The images you see in newspapers and on TV are intense: horses running for their lives, clouds of dust kicked up and menacing helicopters looming overhead.
There’s nothing cool or heroic about chasing down traumatized animals with a terrifying machine. In fact, three-quarters of Americans say that it’s time to end this cruel, dangerous, and pointless practice, which costs taxpayers millions of dollars each year.
A new poll released by the American Wild Horse Campaign shows that 74% of Americans, regardless of political affiliation, oppose helicopter roundups of wild horses and burros.
Additionally, 75% of Americans oppose the U.S. Bureau of Land Management’s plans to round up and remove 19,000 of these iconic animals from their designated habitats over the next year. And 88% of Americans want our nations federally protected wild horses and burros protected.
It’s no wonder that most Americans don’t like helicopter roundups: They almost always result in the severe injury and death of animals. Broken necks and legs are common in roundups, as are horses dying from the stress of being chased to exhaustion.
Nevada Rep. Dina Titus last month introduced a bill (H.R. 6635) to ban the practice after witnessing recent news coverage in which a helicopter was used to chase a colt with a broken leg.
Another member of Congress, Tennessee Rep. Steve Cohen, has been so dismayed by the cruel treatment of mustangs and burros that he’s called on BLM Director Tracy Stone-Manning and Interior Secretary Deb Haaland to suspend all roundups completely until certain much-needed reforms are made. And, last June, more than 30 members of Congress called on BLM to halt its Adoption Incentive Program after a New York Times exposé revealed wild horses adopted via the program are being funneled into the slaughter pipeline and are at risk of being exported to slaughterhouses in Mexico and Canada.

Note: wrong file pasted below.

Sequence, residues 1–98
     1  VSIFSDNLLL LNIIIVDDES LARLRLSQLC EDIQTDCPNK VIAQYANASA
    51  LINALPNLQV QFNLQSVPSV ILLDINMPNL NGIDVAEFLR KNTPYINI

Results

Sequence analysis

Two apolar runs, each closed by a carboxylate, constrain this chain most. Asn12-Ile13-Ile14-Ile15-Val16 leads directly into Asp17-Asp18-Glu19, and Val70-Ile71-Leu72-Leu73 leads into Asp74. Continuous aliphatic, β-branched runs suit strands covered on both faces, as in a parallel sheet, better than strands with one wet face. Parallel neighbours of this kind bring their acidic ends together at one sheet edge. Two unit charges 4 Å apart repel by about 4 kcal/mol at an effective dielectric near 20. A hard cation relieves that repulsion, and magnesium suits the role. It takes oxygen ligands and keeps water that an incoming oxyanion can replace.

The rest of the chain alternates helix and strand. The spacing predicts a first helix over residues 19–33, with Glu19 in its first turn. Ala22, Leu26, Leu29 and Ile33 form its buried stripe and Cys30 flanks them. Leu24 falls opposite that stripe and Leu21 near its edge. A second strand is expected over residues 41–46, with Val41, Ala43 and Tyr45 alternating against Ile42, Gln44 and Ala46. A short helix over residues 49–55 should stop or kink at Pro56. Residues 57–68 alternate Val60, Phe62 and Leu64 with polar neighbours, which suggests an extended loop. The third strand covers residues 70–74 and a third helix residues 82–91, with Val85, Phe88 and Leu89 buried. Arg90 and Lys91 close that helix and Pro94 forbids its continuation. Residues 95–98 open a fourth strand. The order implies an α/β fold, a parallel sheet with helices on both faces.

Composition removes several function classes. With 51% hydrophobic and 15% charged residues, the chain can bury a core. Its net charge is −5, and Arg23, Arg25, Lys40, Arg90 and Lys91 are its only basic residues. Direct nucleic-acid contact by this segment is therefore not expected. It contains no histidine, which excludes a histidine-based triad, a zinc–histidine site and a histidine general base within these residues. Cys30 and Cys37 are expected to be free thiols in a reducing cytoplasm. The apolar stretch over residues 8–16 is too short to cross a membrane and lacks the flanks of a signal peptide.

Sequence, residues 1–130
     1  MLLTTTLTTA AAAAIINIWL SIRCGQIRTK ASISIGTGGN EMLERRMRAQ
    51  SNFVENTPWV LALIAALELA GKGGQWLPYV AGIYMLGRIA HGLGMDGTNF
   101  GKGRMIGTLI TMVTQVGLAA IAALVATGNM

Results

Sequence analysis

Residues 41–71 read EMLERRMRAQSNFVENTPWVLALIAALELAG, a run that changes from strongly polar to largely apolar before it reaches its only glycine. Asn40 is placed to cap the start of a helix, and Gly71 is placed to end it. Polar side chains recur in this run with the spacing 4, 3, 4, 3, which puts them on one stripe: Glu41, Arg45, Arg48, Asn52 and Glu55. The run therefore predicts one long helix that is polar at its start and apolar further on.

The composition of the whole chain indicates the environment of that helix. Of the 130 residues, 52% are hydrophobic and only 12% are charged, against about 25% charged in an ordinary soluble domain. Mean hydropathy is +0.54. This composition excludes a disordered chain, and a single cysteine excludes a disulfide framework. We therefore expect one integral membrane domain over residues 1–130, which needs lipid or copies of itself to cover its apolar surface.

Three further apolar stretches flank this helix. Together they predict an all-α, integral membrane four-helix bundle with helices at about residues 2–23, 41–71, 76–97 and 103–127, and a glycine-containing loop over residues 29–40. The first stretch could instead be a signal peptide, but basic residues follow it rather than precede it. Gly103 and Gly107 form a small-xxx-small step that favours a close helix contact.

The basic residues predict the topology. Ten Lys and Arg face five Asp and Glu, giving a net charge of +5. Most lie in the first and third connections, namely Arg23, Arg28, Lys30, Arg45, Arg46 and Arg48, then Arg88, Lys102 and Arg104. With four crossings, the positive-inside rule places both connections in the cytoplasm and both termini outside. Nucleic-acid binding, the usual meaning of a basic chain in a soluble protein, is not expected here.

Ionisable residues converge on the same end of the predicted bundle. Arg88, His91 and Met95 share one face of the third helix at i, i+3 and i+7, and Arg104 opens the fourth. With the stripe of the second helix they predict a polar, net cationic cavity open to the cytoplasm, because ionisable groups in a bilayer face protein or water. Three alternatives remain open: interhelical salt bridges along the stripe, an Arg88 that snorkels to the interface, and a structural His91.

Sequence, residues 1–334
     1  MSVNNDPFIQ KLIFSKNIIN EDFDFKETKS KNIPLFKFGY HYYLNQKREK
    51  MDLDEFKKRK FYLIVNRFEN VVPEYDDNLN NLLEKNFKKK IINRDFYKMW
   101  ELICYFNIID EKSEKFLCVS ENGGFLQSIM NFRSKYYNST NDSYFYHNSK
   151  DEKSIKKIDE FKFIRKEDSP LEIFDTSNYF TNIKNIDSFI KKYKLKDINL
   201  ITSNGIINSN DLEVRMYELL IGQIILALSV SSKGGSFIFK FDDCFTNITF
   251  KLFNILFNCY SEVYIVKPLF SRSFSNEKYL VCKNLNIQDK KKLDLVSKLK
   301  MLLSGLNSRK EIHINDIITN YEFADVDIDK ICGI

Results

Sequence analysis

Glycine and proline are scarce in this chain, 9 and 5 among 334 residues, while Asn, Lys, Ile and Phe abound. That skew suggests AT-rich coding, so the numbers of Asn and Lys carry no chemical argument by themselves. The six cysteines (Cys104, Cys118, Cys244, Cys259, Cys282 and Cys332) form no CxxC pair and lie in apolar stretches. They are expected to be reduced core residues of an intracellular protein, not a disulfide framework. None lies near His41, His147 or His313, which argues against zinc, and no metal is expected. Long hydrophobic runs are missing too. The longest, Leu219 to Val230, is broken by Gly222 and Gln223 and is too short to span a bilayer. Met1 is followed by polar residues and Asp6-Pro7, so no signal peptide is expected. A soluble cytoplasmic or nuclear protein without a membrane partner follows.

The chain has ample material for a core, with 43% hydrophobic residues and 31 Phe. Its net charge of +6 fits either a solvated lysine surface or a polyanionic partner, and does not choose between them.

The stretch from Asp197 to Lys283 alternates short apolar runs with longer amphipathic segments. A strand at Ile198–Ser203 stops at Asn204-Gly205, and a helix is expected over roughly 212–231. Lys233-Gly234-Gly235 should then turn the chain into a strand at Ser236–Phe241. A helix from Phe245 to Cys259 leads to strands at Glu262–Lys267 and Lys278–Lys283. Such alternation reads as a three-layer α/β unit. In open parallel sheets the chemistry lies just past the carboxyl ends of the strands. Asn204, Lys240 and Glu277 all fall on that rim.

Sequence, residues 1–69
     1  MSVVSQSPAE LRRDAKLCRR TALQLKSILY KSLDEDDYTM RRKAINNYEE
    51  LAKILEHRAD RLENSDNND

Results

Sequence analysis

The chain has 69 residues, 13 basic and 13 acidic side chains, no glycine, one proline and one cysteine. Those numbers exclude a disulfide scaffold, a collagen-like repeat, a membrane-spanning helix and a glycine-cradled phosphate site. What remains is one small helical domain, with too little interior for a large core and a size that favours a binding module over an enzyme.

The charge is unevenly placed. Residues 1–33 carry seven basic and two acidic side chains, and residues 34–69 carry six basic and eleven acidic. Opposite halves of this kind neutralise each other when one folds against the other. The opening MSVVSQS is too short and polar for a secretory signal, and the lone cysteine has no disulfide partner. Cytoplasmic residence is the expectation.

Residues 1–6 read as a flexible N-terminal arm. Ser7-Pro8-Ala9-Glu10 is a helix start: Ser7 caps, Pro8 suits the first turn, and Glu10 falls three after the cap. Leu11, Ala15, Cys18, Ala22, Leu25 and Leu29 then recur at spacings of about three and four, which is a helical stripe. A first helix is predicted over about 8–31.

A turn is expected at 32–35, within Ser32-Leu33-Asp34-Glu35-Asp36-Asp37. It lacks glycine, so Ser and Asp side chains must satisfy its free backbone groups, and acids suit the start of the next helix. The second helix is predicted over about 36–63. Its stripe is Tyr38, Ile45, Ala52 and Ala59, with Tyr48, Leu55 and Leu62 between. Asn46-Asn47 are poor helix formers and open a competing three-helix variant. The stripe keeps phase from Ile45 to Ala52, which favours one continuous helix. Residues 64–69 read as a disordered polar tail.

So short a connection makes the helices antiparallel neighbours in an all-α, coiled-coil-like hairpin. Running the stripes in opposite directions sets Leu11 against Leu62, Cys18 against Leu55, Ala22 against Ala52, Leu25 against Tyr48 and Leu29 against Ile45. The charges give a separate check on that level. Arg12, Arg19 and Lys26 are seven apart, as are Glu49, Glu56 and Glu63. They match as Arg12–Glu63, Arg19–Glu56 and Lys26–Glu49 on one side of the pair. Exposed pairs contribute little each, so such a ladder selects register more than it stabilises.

These calls come at a time when the BLM has accelerated roundups in an attempt to reduce wild populations an estimated 86,000 animals down to fewer than 27,000 — about the same number that existed when Congress passed the Wild Free-Roaming Horses and Burros Act in 1971 to protect these animals because they were “fast disappearing.” The BLM, 51 years later, is dramatically increasing the number of wild horses and burros confined to government holding facilities, straying far from public opinion.
This spectacularly unpopular practice also comes at an incredibly high cost to U.S. taxpayers. According to federal records, the BLM has spent $517 million for off-range holding facilities in the last 10 years. And the agency’s current roundup plans are expected to cost the American public an estimated $1 billion over the next five years.
There is a better way. BLM could use fertility control vaccines instead of relying on roundups. It’s a more cost-effective and humane way to manage wild horses. It’s also supported by the National Academy of Sciences. The PZP vaccine prevents pregnancy and is administered to mares by darting without harming the horses or the surrounding environment.
PZP costs only about $220 per treatment, all costs included, while removing just one wild horse from the range and keeping it in a cramped corral for life is upwards of $50,000. Yet, the BLM has failed to invest as much as it should in fertility control, partly due to pressure from the livestock industry, which benefits so greatly from the status quo.
Before going further down the road to rounding up more wild horses than ever before, the BLM should pause and consider what is best not only for the animals it is charged to preserve and protect but also for the U.S. taxpayers footing the bill.
It’s hard to find anything these days that Democrats and Republicans agree on, but they are clearly on the same page on this: We need to do better by our nation’s wild horses.
Grace Kuhn is the communications director for the American Wild Horse Campaign and an avid traveler to Utah public lands.